Several studies have linked higher legume intake with a lower risk of all-cause mortality and/or lower risk of death from certain diseases, including cancer or cardiovascular disease. Although more studies are needed as the current body of evidence is relatively small.

In one study that looked specifically at cardiovascular disease, people who consumed more flavonoids (an antioxidant found in beans) had a lower risk of death from cardiovascular disease. This was true even in people whose intake of flavonoids was relatively small.

Interestingly, another study published in 2018 showed a higher risk of cardiovascular mortality associated with legume intake, but yet another research review suggested that eating more legumes does not increase this risk.

May Improve Cholesterol Levels

A study published in 2015 found that regularly eating legumes may help lower total and LDL cholesterol levels. The meta-analysis of randomized, controlled trials in which non-soy legumes were consumed for a minimum of 3 weeks revealed that eating legumes has a cholesterol-lowering effect.

In addition, a review published by the Canadian Medical Association Journal found that including beans in your diet can lower LDL cholesterol.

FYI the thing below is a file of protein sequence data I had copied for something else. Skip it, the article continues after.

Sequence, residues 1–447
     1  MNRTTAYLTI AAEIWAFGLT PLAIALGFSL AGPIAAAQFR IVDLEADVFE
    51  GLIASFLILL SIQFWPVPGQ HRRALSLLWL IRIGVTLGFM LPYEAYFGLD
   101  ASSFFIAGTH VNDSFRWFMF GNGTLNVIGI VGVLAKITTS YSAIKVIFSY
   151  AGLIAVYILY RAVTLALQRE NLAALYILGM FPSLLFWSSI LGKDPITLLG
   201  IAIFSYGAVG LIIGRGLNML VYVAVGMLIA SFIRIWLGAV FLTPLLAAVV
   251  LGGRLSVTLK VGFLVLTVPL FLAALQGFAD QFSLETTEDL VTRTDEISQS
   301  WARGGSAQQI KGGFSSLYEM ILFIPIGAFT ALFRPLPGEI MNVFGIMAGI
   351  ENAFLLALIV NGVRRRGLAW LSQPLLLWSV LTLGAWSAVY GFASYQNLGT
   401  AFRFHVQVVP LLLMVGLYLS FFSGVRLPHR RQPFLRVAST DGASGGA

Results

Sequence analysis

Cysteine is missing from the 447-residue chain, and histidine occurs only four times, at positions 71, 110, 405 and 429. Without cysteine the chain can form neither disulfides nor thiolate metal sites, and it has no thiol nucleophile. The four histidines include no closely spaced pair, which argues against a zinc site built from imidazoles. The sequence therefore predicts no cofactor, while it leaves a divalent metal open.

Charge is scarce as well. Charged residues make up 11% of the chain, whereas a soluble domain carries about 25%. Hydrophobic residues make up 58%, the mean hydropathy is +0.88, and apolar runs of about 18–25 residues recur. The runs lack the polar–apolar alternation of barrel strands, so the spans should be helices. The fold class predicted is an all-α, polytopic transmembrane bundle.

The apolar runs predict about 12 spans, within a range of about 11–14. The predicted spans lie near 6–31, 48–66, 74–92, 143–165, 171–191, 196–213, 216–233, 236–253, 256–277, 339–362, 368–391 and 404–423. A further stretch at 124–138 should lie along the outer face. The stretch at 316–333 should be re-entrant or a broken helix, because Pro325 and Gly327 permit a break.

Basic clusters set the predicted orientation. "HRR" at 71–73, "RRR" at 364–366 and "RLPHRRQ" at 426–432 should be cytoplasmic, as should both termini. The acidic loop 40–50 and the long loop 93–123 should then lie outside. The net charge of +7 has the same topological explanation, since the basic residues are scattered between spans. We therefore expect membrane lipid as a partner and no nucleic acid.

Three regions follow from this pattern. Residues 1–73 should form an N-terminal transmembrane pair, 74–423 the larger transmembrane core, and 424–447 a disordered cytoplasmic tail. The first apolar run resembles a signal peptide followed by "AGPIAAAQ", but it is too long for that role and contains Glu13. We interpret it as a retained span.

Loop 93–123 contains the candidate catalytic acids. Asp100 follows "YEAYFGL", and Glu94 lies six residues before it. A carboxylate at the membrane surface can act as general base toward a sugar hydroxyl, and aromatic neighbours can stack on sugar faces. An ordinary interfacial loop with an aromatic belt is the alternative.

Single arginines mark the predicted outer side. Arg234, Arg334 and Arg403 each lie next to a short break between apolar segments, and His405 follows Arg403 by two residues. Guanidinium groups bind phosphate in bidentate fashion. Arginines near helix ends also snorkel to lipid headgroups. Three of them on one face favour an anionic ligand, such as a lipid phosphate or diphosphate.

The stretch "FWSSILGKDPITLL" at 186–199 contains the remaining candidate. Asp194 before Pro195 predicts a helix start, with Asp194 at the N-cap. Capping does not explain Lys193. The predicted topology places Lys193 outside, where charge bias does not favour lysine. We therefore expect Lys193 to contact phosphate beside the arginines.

May Improve Diabetes Management and Prevention

A review study found that increasing your intake of beans, peas, lentils can help both people with and without diabetes improve long-term glycemic control in their diets. Other studies have had similar findings. A study, published in 2014, notes that the fiber content in beans helps maintain healthy blood sugar levels.

A 2013 study published evidence that flavonol, one of the antioxidants found in beans, may help lower the incidence of type 2 diabetes. And authors of a research review published in 2015 wrote that a diet higher in legumes but lower in refined grains, sugar-sweetened beverages, and processed meats has been shown to lower the risk of developing type 2 diabetes and, for those who have diabetes, to improve both glycemic and lipid control.